Fabulous Masterpieces is a company specialising in bespoke art and fine art replica oil paintings of people’s favourite paintings. They will either hand paint replicas onto canvas or create bespoke pieces according to design. Average price for a 60cm x 76cm Impressionist oil painting is from £250 plus vat.


Once used for underfoot comfort, decorative rugs are now enjoying pride of place on the wall.

“Hanging rugs or tapestries on a wall has been a popular feature of interior design for hundreds of years,” says Andrew Frith from FrithRugs, the UK’s leading supplier of imported rugs and carpets.

“We have noticed a resurgence of rug wall hanging and when you are buying an expensive rug – or one with an intricate design - putting it on a wall rather than the floor is a great way to show the rug to its full potential.”

Rugs should be hung with strong tapestry rods. Brackets are also required to lift the rug from the wall slightly and prevent the dye from marking the wall. This will allow air to circulate around the rug. For the best results, hang a rug in a large room on a wall to itself.


For a really individual look, design your own piece of artwork using a favourite photograph. Online retailer CafePress offer an affordable service. Prices for canvas art start from £30.

Buying Art

Original paintings look fabulous in houses and you don’t need to spend a fortune to own a piece of art. Nicky Wheeler, fair director of the Affordable Art Fair, shares her top tips on how to make the most of your art buying experience:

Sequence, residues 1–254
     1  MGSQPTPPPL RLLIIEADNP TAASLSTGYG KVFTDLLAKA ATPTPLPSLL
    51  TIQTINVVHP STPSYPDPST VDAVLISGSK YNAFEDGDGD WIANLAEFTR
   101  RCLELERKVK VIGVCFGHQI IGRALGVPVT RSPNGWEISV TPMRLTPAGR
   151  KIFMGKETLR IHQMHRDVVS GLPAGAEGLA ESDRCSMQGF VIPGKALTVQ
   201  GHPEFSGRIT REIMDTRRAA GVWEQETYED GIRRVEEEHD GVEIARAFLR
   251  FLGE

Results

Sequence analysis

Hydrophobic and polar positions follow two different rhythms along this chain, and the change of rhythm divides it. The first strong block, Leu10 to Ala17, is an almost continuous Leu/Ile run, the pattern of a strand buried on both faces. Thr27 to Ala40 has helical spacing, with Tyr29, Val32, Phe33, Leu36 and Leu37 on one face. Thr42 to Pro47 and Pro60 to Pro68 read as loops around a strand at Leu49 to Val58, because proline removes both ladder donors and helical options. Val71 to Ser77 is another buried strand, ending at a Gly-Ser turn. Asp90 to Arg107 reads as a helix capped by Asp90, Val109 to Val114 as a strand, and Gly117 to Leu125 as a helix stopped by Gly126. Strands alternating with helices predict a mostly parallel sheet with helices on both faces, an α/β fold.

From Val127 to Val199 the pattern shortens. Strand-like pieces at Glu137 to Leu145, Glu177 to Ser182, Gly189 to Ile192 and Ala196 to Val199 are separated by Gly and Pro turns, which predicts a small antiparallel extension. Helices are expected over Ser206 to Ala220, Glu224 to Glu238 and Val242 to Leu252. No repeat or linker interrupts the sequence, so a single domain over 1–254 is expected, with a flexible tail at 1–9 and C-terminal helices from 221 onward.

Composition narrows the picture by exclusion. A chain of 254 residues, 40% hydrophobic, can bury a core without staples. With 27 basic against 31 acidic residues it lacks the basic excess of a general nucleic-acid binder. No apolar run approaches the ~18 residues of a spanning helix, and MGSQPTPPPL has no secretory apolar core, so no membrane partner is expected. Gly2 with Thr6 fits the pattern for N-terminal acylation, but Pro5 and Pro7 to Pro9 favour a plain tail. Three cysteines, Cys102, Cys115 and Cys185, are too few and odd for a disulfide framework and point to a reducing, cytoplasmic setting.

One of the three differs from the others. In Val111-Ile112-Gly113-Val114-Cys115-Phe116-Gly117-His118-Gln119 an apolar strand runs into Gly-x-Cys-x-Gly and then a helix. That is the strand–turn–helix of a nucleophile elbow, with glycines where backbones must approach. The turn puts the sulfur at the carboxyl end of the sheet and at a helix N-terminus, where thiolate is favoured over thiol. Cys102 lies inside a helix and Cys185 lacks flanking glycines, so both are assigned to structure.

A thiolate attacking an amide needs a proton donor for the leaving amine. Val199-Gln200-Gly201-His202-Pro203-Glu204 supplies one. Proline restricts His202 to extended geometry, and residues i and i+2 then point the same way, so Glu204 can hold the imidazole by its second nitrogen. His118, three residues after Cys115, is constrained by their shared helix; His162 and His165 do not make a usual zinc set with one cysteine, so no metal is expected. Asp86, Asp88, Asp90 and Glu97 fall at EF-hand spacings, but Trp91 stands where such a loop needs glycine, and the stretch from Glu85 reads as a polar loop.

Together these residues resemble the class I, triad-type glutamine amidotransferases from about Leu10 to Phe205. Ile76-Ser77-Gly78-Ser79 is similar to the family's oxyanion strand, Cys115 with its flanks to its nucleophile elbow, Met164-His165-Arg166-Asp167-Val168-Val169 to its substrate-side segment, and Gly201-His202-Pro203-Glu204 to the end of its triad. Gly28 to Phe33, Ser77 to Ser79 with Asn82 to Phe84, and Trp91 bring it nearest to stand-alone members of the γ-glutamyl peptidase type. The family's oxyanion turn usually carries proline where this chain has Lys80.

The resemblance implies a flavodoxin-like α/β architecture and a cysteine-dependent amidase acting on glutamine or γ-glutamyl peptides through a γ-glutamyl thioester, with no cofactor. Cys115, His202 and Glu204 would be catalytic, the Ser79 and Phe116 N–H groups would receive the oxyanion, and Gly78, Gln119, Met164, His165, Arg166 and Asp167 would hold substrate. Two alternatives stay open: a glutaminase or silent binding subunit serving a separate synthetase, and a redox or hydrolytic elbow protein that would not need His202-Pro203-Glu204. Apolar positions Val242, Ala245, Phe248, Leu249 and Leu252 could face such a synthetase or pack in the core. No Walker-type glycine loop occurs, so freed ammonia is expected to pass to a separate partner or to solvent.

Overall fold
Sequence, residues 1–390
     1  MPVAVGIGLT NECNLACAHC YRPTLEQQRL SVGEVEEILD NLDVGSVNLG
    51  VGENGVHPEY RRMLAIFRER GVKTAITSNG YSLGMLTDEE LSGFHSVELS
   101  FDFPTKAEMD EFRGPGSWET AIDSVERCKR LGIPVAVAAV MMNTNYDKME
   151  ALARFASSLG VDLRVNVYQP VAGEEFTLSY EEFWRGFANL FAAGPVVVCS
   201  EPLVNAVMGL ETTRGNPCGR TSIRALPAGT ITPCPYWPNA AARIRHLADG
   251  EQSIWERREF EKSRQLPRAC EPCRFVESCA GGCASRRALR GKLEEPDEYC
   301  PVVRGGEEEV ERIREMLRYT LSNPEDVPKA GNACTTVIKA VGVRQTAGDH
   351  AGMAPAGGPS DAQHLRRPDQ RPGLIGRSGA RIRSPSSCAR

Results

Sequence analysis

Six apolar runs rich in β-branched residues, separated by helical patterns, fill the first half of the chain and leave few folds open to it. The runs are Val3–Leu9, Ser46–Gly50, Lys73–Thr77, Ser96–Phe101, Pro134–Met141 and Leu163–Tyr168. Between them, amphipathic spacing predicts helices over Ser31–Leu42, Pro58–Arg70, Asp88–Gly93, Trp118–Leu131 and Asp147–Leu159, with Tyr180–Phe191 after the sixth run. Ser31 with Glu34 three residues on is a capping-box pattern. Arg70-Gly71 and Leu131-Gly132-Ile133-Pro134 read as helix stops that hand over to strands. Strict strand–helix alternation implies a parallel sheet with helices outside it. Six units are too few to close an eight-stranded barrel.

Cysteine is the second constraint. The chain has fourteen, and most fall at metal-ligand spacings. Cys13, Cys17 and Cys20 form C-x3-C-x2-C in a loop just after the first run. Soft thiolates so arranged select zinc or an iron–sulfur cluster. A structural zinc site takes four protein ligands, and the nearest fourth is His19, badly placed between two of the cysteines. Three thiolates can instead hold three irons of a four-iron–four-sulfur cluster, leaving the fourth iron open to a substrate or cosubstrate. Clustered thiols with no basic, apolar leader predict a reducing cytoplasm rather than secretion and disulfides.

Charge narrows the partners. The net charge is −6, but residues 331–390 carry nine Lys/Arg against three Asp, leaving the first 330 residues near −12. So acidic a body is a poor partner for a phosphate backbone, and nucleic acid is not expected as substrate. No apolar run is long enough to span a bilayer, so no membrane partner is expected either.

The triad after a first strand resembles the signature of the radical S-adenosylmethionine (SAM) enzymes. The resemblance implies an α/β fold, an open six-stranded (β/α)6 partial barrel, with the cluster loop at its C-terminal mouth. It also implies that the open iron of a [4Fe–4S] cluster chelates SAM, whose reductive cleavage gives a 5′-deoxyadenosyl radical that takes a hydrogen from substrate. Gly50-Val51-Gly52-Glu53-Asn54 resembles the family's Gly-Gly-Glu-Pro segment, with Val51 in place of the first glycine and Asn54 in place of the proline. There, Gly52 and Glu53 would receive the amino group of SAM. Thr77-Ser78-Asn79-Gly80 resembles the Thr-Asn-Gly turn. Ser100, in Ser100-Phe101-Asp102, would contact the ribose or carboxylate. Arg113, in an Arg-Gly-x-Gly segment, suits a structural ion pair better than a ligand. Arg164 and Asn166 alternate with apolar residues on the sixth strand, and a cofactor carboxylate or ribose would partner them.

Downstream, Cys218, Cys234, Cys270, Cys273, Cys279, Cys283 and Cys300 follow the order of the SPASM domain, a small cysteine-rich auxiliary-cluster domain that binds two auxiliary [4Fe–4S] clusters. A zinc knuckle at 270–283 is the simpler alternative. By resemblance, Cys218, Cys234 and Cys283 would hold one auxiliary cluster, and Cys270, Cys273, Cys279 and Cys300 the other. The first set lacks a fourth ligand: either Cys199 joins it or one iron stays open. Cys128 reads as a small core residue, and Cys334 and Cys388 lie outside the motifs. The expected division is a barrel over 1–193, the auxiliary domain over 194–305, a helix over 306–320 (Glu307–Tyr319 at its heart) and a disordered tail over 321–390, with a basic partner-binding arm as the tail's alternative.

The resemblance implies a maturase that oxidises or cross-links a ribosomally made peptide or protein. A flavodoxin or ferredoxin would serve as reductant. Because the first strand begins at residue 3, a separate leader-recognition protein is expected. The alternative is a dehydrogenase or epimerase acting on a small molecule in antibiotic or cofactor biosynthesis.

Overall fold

Preparation is key to anything, and shopping at an art fair is no exception. If you have a space in mind, have a think about what you’re looking for before you arrive at the fair and take a note of any practicalities such as size or lighting levels. But don’t buy something just to match the sofa. Hopefully your art will have a longer shelf life than your soft furnishings.


Don’t follow the crowd – just because lots of people put a landscape or a still life over the mantelpiece, it doesn’t mean you have to. Bold, contemporary, even urban works can look amazing in a more traditional setting. Why not consider fine art photography or even a stunning piece of sculpture instead?


Go with a budget in mind, but be prepared to blow the budget if you see a piece that you just can’t live without. You’ll only regret what you don’t buy, not what you do!

Remember, many galleries now offer interest-free instalments through the Own Art scheme. If you’re just starting out buying art and your pockets aren’t very deep, consider original prints, such as screenprints and etchings, which are a great entry-level option.


When you get to the fair, pick up a stand plan or catalogue, take your time to look around, making notes on galleries and pieces you like, and the essentials, including artist, size and price.

5. ASK

Looking at and buying art should be an enjoyable experience, not an intimidating one. Don’t be afraid to ask questions - art dealers are only too keen to talk about their artists’ work! Ask about the artist’s history.

Is their work included in any major collections? Have they won any public art prizes? Some galleries will allow you to take work home on approval – it often helps to see the work in situ, although of course it will then be hard to hand back!


First and foremost, choose something you love, not something you think you should buy. Art is a reflection of you and your personality, and you're likely to hang on to it for a lot longer if you feel a connection with the work. Don’t hesitate too long though - original art is unique and you don’t want to be left broken-hearted if you return to find the piece that caught your eye has been taken by someone else!